The article goes on to say: "Until now, the right has been forced to play defense on progressive terms, fighting not to lose, instead of to win -- politically, leading from behind. It's the way John McCain campaigned, and it will guarantee a loss in November. There is no room for civility in this election battle. This is not a game -- we are fighting for our children and the future of America, the last, best hope for humanity. Obama the Great will not play nice; he will be brutal and negative -- he's never been anything but negative. Should he choose to pretend he is not, lackeys on the left will take up the slack."
For some food for thought, John Hawkins has a fifteen question quiz to determine if you should vote for Obama in 2012.
Food for Thought - A Quote from our Founders
"In the supposed state of nature, all men are equally bound by the laws of nature, or to speak more properly, the laws of the Creator."
Topic Five: ObamaCare
Will Scalia be the swing vote for ObamaCare on the Supreme Court: "As the nation fast approaches the Supreme Court’s deliberations on the fate of ObamaCare (oral arguments scheduled for the 26th, 27th, and 28th of this month), the Obama Administration is pumping up a campaign to hoist the Court on the petard of conservative justice Antonin Scalia’s words. In a 2005 case, Scalia wrote a concurring opinion supporting the Court’s 6-3 decision decreeing that Congress may ban a medical-marijuana patient from growing cannabis for personal use in California where it’s legal. The Obama Justice Department mentioned the case 10 times in its Supreme Court brief on ObamaCare and Scalia’s concurring opinion specifically five times."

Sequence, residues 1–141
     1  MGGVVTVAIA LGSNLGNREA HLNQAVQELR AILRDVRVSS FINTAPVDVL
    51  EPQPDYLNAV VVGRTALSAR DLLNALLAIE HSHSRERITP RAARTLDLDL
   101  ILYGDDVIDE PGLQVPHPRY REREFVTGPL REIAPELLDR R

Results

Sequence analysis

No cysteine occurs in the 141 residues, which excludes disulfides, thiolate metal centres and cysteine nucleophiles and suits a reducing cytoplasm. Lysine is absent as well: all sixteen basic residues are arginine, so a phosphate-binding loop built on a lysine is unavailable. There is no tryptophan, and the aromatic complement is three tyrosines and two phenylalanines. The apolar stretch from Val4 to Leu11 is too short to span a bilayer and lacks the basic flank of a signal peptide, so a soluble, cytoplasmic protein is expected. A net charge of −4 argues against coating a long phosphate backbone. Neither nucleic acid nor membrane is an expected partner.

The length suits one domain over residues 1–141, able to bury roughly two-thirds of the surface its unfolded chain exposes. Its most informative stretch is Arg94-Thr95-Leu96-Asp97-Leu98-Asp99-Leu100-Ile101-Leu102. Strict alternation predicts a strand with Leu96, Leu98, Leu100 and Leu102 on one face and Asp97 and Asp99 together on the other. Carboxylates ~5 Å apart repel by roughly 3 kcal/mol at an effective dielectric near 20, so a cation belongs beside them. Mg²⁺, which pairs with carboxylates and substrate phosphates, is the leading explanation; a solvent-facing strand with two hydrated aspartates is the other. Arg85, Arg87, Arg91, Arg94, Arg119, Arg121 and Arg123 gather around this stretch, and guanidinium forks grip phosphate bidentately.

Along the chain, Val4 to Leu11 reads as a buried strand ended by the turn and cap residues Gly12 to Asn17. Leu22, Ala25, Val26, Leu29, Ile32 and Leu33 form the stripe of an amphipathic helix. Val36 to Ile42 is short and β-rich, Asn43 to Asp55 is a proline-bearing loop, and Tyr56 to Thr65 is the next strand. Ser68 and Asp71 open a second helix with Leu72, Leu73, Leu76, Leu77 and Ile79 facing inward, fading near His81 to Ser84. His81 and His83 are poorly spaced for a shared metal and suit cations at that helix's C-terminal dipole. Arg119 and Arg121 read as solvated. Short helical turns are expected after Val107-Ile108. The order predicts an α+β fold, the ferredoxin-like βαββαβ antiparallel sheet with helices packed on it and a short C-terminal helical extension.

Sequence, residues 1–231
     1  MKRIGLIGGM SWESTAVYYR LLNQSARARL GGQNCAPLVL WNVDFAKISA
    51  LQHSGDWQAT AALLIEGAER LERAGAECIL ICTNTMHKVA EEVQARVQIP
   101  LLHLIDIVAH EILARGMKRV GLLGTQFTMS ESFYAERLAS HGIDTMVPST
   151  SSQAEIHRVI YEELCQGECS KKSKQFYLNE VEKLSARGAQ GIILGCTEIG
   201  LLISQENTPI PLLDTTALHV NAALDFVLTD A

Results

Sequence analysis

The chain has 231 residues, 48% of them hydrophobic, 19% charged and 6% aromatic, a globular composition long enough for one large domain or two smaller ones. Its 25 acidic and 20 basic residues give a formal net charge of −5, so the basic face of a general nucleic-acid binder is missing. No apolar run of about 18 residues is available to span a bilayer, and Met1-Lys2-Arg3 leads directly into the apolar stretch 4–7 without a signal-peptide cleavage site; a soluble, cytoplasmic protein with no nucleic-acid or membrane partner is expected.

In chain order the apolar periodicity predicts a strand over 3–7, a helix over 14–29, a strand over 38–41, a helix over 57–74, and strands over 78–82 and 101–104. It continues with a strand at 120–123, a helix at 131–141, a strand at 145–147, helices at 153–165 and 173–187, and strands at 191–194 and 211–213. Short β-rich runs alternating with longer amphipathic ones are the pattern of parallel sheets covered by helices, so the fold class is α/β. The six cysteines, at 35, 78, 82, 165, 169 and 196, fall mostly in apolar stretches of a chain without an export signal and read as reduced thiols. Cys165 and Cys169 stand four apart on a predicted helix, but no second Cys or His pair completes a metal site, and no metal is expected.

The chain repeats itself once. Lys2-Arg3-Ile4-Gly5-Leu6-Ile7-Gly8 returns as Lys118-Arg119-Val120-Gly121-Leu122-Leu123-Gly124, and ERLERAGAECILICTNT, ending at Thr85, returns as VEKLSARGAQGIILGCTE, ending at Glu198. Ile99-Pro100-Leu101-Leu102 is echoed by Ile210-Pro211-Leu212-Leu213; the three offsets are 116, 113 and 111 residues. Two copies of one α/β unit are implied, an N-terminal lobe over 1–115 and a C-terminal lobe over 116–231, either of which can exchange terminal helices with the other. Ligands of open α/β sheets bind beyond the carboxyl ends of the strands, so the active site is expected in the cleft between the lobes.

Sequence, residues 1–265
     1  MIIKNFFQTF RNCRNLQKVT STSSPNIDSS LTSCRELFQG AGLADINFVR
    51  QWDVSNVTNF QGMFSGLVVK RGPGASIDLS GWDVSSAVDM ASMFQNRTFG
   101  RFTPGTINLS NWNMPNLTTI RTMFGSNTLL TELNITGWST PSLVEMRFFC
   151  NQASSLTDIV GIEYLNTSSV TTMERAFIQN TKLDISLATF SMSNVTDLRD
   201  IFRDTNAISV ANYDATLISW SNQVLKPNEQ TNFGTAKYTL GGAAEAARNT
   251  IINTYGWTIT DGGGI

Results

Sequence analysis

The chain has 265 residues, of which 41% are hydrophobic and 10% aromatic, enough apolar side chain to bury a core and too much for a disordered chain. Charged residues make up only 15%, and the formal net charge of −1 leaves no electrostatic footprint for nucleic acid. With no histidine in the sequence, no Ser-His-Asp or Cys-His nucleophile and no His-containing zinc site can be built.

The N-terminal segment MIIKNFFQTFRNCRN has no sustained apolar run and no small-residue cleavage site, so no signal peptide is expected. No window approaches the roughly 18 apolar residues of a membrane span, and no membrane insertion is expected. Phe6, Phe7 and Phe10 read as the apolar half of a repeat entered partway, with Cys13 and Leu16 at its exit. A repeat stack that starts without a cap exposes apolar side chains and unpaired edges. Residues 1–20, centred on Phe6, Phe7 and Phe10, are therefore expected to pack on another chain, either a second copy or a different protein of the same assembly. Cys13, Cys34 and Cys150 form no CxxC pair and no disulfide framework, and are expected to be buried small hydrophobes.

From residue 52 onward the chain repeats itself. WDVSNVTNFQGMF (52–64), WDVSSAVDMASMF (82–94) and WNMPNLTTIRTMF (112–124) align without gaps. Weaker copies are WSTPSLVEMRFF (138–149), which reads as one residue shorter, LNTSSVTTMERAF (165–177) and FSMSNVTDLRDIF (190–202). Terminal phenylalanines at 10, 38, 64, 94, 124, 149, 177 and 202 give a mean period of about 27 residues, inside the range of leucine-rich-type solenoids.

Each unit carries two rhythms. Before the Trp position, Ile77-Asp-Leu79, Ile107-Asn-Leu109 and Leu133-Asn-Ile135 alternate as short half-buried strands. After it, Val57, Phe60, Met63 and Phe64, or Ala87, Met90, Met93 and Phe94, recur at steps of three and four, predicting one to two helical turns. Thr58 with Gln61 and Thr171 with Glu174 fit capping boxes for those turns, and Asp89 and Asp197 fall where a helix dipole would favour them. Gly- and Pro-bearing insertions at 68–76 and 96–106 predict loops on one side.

The administration's lie machine continues, as Sibelius says that Congress weighed its authority on ObamaCare, despite the fact that no one could explain exactly how the Constitution gave Congress power to mandate insurance. Meanwhile, another administration lie on the cost of ObamaCare is coming to light. (Who would have seen that coming? Oh, that's right...every conservative voice.)
Finally, there has been discussion recently on the idea of a partial repeal of ObamaCare. Erick Erickson explains why this is a poor idea. "If the GOP will not commit to repeated votes on full repeal with the American people so clearly on their side, prepare to be nickeled and dimed into an even more costly form of Obamacare where all the stuff both sides agree they hate (the stuff that typically was designed to keep costs down) goes away and all the stuff the Democrats love stays because squishy Republicans are too scared to vote with the rest of their party for repeal. Republicans have never shown the will to lose for the cause that Democrats have shown. The Democrats were prepared to lose Congress to pass Obamacare. They did both. Republicans will not ever be so brave or so bold. The only way to get the GOP to fight for repeal is to push them to repeal the whole without ever letting the Democrats fix the bad parts. Full repeal is the only time the public will be absolutely with the GOP and the GOP will only proceed with the public’s support."
Tomorrow in History
March 17, 1854 - Worcester, Massachusetts, purchases land to form the first public park.
Grab Bag - Interesting and Important Stories to Conclude Your Evening
Food pantry loses federal support over prayer
What killed Brittanica?
Review of Energy Department loan guarantees omits Solyndra
Tony Katz says the D-word (Debate)
Obama criticizes his energy-plan critics
Duncan proposes $65,000-$150,000 salaries for teachers
A lesson from Yahoo
Can the Secret Service take away your rights?
ObamaMadness.com: Vote for the craziest Obama policy